The mindset shift between WFH and at a physical office requires time. Leaders need to assume a sensitive and understanding approach towards workers’ personal challenges that may arise during the re-acclimatization, such as seeking caregivers for children or resistance to returning due to health complications that place them at risk of infection.
Ease Them Into the Move
Leaders should never rush the return process – directions may get lost in translation, causing employees to feel overwhelmed and disengaged. A detailed and robust communication strategy is necessary for keeping teams focused and engaged during the new normal and beyond.
Organisational leaders should brief teams with transparency, informing workers of what to expect in times ahead and how they intend to look out for them. Leaders should rally employees confidently while encouraging open-door policies where no doubt or concern should remain unheard or ignored. Take every complaint or feedback seriously as a vital component in maintaining positive workplace culture.
Additionally, individuals communicate in different ways. A comprehensive open-door policy should include various methods of communication. While some workers may prefer to share their opinions during a scheduled meeting, others may choose to confide through a one-to-one talk in a quiet space. Leaders should ensure that they make the necessary concessions for workers regardless of their preferred communication style.
Organisational leaders should provide regular learning and development opportunities to help returning teams adapt better in their return to the physical workplace. Courses on cyber hygiene, workplace preparedness, creativity, and teamwork will give workers the tools, confidence, and strategies necessary for optimal performance.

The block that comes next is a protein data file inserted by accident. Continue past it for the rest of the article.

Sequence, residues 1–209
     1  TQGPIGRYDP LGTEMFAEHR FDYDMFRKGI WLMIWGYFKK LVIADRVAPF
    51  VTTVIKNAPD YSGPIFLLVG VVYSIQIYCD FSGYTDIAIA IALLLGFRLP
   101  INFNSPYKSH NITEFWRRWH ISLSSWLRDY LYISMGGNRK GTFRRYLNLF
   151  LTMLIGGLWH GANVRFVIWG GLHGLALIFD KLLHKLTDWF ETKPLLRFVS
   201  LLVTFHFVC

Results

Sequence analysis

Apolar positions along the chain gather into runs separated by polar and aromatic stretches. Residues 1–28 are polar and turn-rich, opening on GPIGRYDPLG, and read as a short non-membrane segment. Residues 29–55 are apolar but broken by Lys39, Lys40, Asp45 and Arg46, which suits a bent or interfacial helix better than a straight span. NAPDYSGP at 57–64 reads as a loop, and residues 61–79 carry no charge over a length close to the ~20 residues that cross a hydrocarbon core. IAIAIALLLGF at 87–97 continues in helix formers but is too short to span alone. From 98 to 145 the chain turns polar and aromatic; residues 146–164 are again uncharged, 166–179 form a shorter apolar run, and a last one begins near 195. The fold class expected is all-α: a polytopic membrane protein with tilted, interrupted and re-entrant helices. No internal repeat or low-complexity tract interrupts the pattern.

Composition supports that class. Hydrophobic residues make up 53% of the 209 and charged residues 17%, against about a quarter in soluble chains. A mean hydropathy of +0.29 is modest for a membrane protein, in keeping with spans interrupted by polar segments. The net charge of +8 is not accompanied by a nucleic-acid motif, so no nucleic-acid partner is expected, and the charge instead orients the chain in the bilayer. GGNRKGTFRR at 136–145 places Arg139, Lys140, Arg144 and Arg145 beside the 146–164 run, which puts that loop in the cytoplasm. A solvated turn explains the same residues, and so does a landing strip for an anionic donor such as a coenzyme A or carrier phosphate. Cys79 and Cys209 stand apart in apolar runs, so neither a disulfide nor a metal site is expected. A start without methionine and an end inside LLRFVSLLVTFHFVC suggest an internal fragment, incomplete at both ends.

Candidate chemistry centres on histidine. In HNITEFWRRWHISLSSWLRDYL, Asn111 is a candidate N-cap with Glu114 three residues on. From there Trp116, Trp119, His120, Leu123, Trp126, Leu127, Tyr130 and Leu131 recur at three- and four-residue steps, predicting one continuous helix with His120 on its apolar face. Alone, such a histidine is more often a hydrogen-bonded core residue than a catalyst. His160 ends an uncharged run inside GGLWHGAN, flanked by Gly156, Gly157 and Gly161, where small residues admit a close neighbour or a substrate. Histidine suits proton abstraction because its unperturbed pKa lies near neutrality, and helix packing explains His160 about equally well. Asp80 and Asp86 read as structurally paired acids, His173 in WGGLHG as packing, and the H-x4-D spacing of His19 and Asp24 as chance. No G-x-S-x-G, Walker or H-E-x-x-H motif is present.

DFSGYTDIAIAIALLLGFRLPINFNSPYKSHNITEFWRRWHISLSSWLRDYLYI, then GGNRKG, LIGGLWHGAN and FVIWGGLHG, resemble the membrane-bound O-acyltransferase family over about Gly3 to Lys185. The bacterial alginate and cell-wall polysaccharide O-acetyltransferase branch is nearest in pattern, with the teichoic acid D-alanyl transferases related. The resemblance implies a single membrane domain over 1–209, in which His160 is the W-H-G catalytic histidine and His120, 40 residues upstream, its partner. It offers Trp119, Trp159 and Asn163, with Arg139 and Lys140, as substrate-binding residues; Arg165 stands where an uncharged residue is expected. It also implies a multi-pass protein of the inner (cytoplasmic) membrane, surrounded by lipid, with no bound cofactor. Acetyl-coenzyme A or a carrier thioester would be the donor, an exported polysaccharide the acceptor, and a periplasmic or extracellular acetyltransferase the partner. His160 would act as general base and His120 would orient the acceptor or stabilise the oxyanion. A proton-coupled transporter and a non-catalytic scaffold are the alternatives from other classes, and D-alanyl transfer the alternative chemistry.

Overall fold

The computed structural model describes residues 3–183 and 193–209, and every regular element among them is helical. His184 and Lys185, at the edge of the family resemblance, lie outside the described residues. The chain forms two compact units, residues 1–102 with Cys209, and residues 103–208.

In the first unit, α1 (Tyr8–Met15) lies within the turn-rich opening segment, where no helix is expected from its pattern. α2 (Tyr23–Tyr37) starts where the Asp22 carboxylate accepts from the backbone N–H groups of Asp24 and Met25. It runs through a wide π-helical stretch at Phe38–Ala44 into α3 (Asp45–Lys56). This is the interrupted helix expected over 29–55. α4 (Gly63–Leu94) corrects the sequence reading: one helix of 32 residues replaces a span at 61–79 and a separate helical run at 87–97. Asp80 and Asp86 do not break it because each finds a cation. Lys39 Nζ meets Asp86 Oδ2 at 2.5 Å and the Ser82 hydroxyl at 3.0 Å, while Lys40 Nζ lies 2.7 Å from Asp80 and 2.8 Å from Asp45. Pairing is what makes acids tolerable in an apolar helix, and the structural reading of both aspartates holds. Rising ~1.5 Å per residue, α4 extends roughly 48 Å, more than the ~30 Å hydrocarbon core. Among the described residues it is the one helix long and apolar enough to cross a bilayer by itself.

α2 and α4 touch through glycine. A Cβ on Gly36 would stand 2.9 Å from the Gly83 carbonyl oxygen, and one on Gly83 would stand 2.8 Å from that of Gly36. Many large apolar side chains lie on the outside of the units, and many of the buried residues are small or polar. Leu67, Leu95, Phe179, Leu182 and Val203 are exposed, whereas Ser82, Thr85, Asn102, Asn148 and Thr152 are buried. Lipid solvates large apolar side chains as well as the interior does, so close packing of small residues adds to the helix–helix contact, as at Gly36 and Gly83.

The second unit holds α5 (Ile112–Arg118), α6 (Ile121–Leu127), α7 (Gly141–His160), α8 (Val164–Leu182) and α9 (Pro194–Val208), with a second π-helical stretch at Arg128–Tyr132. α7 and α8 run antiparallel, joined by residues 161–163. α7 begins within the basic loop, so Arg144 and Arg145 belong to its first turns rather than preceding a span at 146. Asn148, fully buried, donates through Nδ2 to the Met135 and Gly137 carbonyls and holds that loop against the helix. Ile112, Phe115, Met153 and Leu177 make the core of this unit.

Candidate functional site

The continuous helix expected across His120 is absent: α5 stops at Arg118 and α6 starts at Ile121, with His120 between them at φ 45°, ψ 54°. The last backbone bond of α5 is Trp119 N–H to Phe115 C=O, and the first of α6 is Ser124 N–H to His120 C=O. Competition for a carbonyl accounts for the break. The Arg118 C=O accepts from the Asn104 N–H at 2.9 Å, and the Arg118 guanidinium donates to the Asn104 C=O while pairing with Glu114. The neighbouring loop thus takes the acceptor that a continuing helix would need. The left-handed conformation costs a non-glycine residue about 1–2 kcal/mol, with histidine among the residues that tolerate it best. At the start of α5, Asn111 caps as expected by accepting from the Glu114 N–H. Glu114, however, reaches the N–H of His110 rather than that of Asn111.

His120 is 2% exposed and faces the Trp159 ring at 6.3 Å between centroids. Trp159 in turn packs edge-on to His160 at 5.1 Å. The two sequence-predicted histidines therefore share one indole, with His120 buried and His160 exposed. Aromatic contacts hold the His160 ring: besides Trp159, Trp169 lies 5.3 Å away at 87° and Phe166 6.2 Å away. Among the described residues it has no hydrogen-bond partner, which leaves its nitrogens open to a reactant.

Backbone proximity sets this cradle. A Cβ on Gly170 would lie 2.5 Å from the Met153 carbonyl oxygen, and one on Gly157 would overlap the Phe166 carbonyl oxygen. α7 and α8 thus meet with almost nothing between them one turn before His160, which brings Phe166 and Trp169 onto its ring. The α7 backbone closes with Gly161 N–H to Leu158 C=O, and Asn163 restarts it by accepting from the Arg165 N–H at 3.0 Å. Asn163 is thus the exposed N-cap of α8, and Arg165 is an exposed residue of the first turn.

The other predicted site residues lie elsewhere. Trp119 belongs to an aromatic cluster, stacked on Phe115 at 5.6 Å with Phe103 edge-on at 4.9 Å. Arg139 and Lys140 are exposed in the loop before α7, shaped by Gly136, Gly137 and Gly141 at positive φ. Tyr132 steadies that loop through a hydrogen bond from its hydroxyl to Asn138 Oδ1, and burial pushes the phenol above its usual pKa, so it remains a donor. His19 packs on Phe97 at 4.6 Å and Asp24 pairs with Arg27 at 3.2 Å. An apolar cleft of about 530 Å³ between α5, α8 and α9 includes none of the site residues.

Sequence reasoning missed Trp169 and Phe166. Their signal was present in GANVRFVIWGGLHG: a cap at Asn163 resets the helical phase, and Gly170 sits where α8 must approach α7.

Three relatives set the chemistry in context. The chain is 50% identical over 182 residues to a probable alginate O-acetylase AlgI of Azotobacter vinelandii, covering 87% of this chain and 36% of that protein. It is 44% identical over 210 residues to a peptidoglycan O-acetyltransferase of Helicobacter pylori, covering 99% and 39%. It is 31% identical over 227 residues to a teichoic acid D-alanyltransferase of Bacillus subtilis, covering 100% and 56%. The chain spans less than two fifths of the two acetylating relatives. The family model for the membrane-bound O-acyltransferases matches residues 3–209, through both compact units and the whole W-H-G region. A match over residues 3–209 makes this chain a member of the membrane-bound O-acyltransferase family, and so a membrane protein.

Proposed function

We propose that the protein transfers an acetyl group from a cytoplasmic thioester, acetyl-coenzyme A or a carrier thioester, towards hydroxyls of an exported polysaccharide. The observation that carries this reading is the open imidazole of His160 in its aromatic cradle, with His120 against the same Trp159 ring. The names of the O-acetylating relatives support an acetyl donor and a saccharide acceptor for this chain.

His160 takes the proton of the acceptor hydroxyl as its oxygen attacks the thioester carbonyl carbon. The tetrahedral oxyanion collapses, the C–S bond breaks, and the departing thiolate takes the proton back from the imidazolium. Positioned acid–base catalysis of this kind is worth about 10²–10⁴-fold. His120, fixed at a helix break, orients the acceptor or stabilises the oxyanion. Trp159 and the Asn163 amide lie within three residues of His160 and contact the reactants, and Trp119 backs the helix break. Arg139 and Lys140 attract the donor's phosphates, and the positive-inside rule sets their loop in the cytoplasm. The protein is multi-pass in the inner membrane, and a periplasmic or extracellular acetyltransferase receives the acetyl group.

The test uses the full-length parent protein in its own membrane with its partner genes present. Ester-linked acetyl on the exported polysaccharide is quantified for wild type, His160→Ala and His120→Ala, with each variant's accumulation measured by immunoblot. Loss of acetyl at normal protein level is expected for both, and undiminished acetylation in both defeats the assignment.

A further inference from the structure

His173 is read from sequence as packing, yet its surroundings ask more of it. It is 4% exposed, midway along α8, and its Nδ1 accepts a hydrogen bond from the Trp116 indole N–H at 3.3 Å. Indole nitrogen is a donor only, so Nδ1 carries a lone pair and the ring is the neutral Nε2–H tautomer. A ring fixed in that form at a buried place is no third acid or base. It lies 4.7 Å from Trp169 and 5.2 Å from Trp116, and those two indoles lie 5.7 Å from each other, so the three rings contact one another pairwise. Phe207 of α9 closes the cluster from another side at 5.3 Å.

The concept of learning has changed in the past year, with more demand placed on organisational soft skills such as agility, social connection, and information processing. Ideally, workers should have greater flexibility and control over their L&D pathways, which empowers and drives employee experiences.
Building Workplace Resilience a Step at a Time
A resilient workforce requires strong communication within the self (thinking through an idea or concept) and others (interpersonal dialogues). Vigilance remains critical as nobody can truly predict the next possible wave of pandemic complications despite the most stringent metrics and data.
Leaders need to practice the art of active listening – where there is more to gain from tuning in to workers than jumping in with a proposed solution. The next phase of the new normal will require a modified communication strategy that focuses on working together and ironing out points of uncertainty.
Thoughtful and collaborative redesign of the workplace will prepare employees for the times ahead. While staff may physically return to their old workstations – everything else has changed. It’s time for a more dynamic workforce ever-ready to cope and thrive with unfamiliar situations – a workforce filled with hope, innovation, and set on creating a brighter future.